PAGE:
Note these were all made to people other than the police – Wren refused to make a statement to the police. When the Ramsgate vicar visited, she promised him she would make a statement after he left, but she never did. At one point Wren said she knew her attacker but that “I don’t wish him to suffer. He must bear his sins.” Just before she died she said, “He tried to borrow 10 pounds.”

Wren had been seen alive and well at about 5:15pm by another schoolgirl. That meant she was attacked between about 5:30pm and 6pm. However no one reported seeing a man entering the premises. In the end, the police had three main suspects who stood to benefit from Wren’s death, but no hard evidence to tie any specific one man to the crime. The case was never solved.

Pedro Lopez is a Colombian serial killer. He was sentenced in 1980 in Ecuador for killing 110 girls, but who claims to have raped and killed more than 300 girls across Colombia, Peru, Ecuador, and potentially other countries. That would make him the second most prolific known serial killer in history.

He was released in 1994, rearrested an hour later as an illegal immigrant and handed over to Colombian authorities, who charged him with a 20-year-old murder. Lopez was released by Colombia in 1998 on $50 bail and some conditions. He absconded. At present, Lopez is wanted in connection to a 2002 murder, and his whereabouts are unknown.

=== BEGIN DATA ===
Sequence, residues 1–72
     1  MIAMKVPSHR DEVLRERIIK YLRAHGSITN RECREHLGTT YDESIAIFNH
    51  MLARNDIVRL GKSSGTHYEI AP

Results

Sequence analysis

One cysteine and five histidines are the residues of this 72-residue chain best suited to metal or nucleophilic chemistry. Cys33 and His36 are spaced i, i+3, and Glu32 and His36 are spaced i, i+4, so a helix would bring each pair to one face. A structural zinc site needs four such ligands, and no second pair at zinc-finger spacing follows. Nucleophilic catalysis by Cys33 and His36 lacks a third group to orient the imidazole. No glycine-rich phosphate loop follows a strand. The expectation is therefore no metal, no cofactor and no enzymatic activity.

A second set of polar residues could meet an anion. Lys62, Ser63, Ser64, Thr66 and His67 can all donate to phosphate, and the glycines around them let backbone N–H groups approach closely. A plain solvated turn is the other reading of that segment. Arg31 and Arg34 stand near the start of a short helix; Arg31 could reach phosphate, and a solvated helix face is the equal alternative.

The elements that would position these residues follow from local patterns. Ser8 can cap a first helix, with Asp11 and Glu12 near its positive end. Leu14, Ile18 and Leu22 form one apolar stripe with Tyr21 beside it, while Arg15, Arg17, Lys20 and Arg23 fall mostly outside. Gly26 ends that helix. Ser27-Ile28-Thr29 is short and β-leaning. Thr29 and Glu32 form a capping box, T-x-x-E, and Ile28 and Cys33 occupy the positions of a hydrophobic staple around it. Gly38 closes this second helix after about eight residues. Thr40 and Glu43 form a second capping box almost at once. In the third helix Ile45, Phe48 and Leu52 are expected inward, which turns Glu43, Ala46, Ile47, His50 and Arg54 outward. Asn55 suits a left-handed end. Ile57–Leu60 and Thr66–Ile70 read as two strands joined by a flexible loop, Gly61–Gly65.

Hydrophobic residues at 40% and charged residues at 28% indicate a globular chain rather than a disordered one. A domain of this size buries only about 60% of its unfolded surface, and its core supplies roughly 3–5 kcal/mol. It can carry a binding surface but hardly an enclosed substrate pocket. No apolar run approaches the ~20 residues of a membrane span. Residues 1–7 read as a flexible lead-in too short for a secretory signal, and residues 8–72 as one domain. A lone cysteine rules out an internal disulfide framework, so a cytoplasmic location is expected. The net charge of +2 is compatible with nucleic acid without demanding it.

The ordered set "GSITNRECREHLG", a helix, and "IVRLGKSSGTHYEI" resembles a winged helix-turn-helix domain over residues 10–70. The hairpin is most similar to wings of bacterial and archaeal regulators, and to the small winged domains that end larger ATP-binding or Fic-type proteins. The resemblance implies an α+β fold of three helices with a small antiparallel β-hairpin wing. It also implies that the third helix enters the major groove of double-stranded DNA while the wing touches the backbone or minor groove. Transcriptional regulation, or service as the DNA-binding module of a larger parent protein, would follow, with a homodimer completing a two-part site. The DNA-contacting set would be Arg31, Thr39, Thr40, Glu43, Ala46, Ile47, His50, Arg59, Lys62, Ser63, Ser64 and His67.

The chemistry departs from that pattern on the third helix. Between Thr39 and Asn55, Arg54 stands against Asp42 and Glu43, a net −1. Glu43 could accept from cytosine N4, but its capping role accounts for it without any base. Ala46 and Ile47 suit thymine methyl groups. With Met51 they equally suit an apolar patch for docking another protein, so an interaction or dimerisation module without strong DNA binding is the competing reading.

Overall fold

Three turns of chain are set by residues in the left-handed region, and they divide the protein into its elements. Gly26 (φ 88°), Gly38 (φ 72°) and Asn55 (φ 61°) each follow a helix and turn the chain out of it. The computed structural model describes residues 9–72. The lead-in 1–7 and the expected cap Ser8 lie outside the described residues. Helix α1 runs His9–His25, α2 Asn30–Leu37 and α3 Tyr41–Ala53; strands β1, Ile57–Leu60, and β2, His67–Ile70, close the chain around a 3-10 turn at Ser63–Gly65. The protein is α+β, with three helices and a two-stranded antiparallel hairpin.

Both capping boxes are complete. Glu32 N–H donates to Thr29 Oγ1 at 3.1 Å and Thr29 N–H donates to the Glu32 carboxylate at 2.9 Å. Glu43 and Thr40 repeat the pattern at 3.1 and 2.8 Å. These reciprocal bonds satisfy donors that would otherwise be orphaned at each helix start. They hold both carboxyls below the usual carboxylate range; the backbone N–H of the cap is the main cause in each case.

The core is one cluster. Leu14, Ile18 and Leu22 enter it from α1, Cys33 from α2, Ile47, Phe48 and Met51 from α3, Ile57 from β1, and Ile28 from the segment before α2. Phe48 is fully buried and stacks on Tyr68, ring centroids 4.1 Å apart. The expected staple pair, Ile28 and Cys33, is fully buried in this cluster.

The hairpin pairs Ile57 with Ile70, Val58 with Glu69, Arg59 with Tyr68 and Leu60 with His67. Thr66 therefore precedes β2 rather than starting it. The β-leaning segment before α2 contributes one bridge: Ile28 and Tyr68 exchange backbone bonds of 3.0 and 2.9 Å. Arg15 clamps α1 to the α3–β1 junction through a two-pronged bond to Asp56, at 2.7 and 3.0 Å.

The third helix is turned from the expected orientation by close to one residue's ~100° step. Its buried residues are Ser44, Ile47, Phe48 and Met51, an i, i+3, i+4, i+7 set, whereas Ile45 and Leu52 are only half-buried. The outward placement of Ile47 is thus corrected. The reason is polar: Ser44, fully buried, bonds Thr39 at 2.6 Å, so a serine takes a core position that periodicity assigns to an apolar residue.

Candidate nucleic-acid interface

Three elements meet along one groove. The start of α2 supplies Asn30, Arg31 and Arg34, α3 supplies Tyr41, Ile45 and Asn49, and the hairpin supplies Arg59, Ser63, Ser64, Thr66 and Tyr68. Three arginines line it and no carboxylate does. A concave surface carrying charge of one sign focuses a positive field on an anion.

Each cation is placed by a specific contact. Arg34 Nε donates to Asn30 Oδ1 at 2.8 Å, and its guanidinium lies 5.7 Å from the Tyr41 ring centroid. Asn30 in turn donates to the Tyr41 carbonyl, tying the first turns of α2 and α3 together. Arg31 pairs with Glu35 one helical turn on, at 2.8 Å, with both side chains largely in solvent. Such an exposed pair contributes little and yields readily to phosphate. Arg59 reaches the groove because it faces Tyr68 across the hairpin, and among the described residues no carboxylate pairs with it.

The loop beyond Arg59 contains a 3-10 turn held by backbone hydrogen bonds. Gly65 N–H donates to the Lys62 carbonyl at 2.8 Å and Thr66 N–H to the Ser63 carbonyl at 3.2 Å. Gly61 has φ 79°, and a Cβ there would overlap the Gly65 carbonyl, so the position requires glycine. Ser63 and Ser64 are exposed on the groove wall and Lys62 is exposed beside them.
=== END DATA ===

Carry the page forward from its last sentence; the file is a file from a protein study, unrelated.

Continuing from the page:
In 1876, James “Big Jim” Kinealy decided to steal Abraham Lincoln’s corpse to ransom it, in exchange for $200,000 and the freedom of his former partner-in-crime.

Kinealy’s scheme failed because a conspirator got drunk, told a lady friend in Springfield, IL, and rumors got started that someone was out to steal Lincoln’s body. Kinealy fled to Chicago.

He decided to try again, with new co-conspirators, because second time’s the charm, right? Where did Kinealy find his new pals? A tavern. One of the new guys was a paid informant, and once again, the plot was foiled.

Punch magazine, England, January 1, 1959

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The Illustrated Police News, London, England, June 8, 1867

The post Midnight Encounter with a Burglar appeared first on Yesterday's Print.